For the past few years, more and more distribution centers have opted for the software route when it comes to managing their workforce. In a bid to boost productivity, they're implementing labor management systems (LMS), software that allows companies to monitor individual workers' activity—say, picking or putaway—and benchmark their performance against preset standards. In fact, a recent DC Velocity survey found that 14 percent of respondents planned to buy an LMS solution this year.
As for where they can obtain this software, DCs today have a number of choices. To begin with, most of the large warehouse management software (WMS) vendors offer LMS packages or modules. But that's just part of the picture. In recent years, a number of smaller, less-well-known vendors have entered the market. They tend to specialize in more affordable packages aimed at small and medium-sized warehouses and distribution centers, according to Steve A. Mulaik, a partner with The Progress Group, an Atlanta-based logistics consulting firm.
These smaller LMS vendors offer both traditional licensed software, which companies install on their own servers, and hosted versions that can be accessed via the Internet on a subscription basis. Some of the vendors in this space include Enteq Systems, Spalding Software, Next View Software, and Inception Technologies.
One of the biggest differences between the labor management systems offered by the smaller players and those available from their larger counterparts is functionality. For the most part, the programs marketed by the little guys are stripped down packages that handle basic functions like monitoring and measuring worker activity.
By contrast, the programs marketed by the big WMS vendors typically offer a vast array of capabilities. For example, they often include real time labor standards—a feature that allows managers to measure a worker's performance in real time against a pre-established standard for a particular task. "As a guy completes his work, you get feedback right away," says Mulaik. In addition, they typically offer labor planning tools, which managers can use to determine how many people they need, where they should be deployed, and when they should be moved from one area to another.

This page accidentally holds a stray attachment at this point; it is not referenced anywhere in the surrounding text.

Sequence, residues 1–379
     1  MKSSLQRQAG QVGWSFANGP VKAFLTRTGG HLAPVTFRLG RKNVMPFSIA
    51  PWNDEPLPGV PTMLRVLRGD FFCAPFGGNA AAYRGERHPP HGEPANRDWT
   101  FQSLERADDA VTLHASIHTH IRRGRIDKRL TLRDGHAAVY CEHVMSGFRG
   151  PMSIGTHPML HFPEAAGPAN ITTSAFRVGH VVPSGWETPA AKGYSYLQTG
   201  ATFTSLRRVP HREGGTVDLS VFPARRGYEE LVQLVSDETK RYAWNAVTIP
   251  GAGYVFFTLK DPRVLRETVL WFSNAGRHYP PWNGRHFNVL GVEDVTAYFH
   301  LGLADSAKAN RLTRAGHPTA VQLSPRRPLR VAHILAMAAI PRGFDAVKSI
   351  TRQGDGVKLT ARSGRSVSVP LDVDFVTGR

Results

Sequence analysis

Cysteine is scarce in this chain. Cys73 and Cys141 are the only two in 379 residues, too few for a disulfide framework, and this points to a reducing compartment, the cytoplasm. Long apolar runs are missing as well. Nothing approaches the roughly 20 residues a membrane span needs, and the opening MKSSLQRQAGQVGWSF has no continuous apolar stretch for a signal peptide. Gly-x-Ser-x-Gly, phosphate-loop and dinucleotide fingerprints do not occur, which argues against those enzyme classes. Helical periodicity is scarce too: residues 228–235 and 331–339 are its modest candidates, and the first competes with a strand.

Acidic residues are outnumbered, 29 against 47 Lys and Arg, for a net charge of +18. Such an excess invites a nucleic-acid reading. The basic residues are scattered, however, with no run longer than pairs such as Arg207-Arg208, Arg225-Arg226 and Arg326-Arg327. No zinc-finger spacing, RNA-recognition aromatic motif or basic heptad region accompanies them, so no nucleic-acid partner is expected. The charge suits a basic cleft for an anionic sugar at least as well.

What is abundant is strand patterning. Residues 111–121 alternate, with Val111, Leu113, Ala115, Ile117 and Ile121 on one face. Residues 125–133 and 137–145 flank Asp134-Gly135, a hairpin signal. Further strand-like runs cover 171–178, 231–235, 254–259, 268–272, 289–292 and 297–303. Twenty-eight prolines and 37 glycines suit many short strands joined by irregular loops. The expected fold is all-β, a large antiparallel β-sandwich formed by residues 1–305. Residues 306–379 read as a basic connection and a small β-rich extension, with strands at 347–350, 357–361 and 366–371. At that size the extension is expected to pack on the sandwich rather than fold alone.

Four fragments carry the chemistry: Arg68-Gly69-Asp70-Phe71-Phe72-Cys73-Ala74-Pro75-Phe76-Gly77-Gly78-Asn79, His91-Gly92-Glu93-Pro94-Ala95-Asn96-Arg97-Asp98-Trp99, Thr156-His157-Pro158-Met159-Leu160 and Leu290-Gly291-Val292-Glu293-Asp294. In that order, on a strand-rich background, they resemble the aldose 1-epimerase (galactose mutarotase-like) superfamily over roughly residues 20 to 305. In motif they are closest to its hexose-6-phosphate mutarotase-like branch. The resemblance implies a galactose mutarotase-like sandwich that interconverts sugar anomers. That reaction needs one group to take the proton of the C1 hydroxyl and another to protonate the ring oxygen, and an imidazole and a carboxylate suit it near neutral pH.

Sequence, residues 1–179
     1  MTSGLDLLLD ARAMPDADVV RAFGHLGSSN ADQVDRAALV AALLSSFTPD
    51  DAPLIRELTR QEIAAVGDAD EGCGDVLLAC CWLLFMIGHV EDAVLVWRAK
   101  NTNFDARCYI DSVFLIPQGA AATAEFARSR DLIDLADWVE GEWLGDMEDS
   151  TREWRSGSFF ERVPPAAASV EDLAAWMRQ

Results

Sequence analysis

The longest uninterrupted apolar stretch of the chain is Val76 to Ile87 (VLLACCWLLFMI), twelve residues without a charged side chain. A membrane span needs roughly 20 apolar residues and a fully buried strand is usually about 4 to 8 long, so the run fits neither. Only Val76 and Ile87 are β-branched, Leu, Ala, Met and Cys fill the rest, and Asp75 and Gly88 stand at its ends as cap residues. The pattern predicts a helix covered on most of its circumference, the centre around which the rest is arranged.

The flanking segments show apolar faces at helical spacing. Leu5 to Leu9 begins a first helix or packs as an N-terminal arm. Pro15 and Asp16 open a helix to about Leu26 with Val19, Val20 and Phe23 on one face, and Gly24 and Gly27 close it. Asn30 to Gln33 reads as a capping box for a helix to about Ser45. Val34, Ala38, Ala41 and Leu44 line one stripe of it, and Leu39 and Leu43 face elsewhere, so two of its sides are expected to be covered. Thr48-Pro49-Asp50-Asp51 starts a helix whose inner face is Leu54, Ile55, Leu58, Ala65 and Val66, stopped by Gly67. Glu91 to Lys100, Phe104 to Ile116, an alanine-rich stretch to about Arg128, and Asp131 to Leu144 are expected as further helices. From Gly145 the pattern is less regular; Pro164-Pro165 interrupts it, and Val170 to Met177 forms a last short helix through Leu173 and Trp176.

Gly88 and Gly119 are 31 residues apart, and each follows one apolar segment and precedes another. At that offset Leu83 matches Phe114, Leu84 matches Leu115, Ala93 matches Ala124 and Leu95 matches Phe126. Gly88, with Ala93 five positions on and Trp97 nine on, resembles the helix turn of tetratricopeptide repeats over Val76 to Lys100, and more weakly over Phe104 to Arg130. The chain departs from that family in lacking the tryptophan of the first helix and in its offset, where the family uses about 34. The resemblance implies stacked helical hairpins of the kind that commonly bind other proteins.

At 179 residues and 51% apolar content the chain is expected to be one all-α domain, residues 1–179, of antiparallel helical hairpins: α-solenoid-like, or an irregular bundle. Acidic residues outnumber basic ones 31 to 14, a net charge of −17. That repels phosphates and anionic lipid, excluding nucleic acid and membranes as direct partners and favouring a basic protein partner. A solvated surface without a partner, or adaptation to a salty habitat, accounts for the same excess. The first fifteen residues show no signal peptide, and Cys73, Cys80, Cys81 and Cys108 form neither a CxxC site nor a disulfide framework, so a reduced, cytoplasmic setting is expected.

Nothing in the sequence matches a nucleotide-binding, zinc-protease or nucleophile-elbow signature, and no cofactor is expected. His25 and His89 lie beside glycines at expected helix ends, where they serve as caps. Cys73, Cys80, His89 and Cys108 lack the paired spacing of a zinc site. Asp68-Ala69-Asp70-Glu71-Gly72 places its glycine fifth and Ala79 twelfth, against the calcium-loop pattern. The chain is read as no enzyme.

While this added functionality can be quite valuable to larger operations, activating all those features can take a fair amount of time, Mulaik says. In fact, implementing the programs offered by big WMS vendors tends to be a complex undertaking, often requiring assistance from the vendor as well as from computer programmers and systems integrators.
And that's what makes the offerings from the smaller players so appealing—their simplicity and ease of installation. "They are relatively simple to set up and maintain," says Mulaik. "You can learn these packages quickly and thus, the amount of outside help you need to configure and use them is much smaller. Some of the bigger, mid-sized users can even do it themselves."
The consensus in the field is that for small and medium-sized DCs, the packages marketed by the new kids on the LMS block offer an easy way to get started with labor management. "My opinion is that it is certainly a very viable option and with a service subscription payment plan, can provide a more pay-as-you-save approach to LMS," says Larry Parker, director of the labor standards practice at systems integrator 4Sight Supply Chain Group. "For the risk averse, it provides the option to dip your toes in the water as opposed to plunging into a large upfront expense."